NK: I can’t sit here and write in good conscience that all fries are delicious. There are some soggy ones that I wouldn’t feed to my dogs. But this duel should be about the platonic ideals of both fries and onion rings. When fries are at their best they are light, airy, crisp. They are also the perfect canvas for any and all condiments from ketchup to aioli.
JS: Fries are a blank canvas. Sweet onion; crispy, fried coating, an onion ring is a symphony of flavors. You don’t even need to dip it. A french fry on its own? Nothing but oil flavor. Take away french fry–eaters’ ketchup and barbecue sauce and meat juices, and they might as well be eating the cardboard carton the fries came in.
NK: In-N-Out Animal Fries exist. Fries win. QED. (drops mic)
JS: A big onion ring is the perfect size to top a burger. It can also be worn as a bracelet for on-the-go snacking. Accessory and cancer-stopping wonder food in one. Boom.
Ease of Use
NK: They fit nicely into any dipping sauce container. Try stuffing an onion ring in a tiny plastic box of ketchup. More importantly, fries maintain their structural integrity all the way through a meal. If I had a nickel for every time I bit into an onion ring only to have the onion fall out leaving me with a sad, empty, fried shell, I would have dozens and dozens of dollars.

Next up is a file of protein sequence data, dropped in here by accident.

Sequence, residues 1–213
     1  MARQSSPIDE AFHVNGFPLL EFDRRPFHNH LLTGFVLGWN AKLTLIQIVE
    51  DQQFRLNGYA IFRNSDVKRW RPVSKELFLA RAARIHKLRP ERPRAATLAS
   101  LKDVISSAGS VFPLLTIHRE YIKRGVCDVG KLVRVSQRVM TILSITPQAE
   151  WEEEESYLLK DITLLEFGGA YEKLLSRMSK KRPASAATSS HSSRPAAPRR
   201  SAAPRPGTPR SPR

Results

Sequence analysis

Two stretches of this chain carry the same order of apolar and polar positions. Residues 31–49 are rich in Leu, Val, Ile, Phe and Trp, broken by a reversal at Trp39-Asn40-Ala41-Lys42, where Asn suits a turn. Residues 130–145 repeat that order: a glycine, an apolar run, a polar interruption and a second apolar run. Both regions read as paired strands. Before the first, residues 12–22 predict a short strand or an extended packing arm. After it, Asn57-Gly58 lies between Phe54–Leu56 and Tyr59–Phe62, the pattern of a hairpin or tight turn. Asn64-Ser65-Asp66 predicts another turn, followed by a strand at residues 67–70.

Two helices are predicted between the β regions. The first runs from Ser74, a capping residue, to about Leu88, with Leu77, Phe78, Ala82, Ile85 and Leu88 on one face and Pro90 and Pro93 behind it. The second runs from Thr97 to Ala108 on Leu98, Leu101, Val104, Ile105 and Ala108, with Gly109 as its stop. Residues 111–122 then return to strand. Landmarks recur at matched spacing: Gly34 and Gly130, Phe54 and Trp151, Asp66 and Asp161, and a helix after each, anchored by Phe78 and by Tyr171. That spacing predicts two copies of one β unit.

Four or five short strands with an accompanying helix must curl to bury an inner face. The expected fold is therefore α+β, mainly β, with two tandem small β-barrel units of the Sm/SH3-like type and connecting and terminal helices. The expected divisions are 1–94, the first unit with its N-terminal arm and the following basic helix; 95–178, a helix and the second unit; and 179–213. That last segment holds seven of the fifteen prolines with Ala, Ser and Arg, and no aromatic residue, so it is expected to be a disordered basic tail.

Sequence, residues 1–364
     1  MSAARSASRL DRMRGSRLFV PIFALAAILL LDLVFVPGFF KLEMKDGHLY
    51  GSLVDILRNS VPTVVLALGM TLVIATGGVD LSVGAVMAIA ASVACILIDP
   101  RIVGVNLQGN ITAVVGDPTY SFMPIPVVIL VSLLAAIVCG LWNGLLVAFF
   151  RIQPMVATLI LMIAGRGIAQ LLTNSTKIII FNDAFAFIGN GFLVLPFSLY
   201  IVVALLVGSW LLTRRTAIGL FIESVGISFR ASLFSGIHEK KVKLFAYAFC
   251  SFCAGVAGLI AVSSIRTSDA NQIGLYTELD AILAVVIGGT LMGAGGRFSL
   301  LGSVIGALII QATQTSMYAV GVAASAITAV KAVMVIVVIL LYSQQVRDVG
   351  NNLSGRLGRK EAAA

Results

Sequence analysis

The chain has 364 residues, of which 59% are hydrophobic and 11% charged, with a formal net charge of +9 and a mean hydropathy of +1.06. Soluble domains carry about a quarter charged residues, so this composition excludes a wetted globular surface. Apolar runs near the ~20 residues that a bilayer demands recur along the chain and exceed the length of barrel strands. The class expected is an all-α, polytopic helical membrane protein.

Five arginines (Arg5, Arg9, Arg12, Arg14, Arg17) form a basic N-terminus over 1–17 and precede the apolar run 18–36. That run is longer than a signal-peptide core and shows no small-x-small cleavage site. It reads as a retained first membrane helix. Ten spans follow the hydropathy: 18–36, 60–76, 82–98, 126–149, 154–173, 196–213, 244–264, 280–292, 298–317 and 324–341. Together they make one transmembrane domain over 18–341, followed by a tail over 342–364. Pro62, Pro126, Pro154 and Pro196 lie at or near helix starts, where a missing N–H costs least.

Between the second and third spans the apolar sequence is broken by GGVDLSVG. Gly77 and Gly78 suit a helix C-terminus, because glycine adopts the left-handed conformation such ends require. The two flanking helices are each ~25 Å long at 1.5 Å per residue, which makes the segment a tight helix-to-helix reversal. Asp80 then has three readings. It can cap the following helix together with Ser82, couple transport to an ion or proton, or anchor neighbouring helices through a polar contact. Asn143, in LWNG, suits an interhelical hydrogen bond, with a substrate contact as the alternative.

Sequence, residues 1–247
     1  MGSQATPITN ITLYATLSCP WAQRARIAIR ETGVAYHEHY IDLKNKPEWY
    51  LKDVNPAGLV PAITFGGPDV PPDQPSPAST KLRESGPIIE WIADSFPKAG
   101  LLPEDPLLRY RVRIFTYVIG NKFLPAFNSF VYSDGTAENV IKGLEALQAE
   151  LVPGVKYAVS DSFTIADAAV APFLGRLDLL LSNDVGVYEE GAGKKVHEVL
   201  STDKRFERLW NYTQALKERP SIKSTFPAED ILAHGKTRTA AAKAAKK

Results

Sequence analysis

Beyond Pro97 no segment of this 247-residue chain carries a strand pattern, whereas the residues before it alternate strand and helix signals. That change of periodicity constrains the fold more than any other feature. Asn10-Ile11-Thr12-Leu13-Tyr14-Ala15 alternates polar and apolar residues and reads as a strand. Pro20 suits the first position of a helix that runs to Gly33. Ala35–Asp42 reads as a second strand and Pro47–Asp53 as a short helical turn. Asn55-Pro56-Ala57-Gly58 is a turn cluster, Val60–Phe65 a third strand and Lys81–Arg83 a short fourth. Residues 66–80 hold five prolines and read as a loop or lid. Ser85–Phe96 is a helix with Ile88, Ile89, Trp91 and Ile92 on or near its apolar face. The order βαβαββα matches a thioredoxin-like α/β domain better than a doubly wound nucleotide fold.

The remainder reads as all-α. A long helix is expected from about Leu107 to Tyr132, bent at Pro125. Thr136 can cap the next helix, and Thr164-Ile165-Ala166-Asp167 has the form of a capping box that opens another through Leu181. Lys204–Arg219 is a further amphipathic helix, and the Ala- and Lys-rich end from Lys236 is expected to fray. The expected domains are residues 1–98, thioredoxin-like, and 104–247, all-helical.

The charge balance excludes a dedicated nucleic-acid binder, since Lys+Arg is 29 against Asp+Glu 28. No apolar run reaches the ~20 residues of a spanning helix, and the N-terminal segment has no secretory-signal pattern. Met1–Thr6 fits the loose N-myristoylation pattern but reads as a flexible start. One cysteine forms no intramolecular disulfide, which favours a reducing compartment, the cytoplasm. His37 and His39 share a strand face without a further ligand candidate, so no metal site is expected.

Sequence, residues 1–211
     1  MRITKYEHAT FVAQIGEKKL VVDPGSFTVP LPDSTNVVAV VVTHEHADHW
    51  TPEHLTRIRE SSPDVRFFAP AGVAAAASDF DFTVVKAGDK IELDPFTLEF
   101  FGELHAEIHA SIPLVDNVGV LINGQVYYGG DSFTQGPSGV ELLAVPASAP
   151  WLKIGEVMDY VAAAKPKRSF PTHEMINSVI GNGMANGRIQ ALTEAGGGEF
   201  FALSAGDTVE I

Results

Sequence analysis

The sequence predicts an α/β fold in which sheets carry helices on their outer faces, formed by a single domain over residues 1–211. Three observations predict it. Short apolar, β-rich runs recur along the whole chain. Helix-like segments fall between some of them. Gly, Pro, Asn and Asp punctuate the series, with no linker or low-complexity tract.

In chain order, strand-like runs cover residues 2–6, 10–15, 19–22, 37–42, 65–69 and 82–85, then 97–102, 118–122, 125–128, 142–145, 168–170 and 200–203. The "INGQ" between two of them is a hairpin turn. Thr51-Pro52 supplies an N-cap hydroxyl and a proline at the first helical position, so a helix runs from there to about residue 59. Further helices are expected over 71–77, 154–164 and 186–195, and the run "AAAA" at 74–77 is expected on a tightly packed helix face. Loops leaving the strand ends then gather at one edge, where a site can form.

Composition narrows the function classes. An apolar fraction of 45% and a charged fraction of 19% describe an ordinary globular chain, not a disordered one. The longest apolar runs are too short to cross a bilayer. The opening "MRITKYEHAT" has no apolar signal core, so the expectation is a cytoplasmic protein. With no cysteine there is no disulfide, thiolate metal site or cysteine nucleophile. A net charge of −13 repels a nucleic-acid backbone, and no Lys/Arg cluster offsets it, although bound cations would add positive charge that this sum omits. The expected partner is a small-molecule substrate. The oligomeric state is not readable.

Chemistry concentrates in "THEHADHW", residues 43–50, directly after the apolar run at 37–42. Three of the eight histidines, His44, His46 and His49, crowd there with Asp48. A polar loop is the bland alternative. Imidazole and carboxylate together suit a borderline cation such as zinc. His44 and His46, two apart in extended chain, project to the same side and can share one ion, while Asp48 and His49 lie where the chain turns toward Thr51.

JS: No, a big onion ring is not going to fit into a tiny tub of ketchup. But there’s a simple fix for that: Just pour the ketchup onto the ring, a plate or wax paper wrapper. Problem solved.
NK: “If I get fries will you split them?” It is in no way an exaggeration to say that question is asked literally every day, at every pub in the entire world. The reason is because fries are perfectly shareable. They come in a huge pile that at least four people can put their hands into at once. If they were any easier to share they would be a cat GIF.
JS: Shoestrings and loafs are just as easy to share as fries. The medium thickness rings require some consideration and math skills (would it kill you to exercise your mind a little while snacking??). The big ones are not for sharing. That’s the point, even if one slips into your stack of fries, it’s all for you! They’re the perfect food for the only child.
NK: Fries are meant to be eaten when they are served. They shouldn’t be reheated, they shouldn’t wait on the tray while you finish your burger. As a result, I exercise my Fifth Amendment food rights when it comes to answering the question of which is more durable.
JS: Thanks to the crisp onion inside an onion ring, the rings are still good even if they aren’t straight out of the fryer. While the outer coating may soften up, the inner onion will satisfy your textural needs. Try getting french fries to-go. They transform into wimpy, soggy, oily, mushy sticks. They should come with a warning label: Do not eat after five minutes.
We’re clearly at an impasse. Let us know who won in the comments below or tweet us with #FWxDuels on Twitter.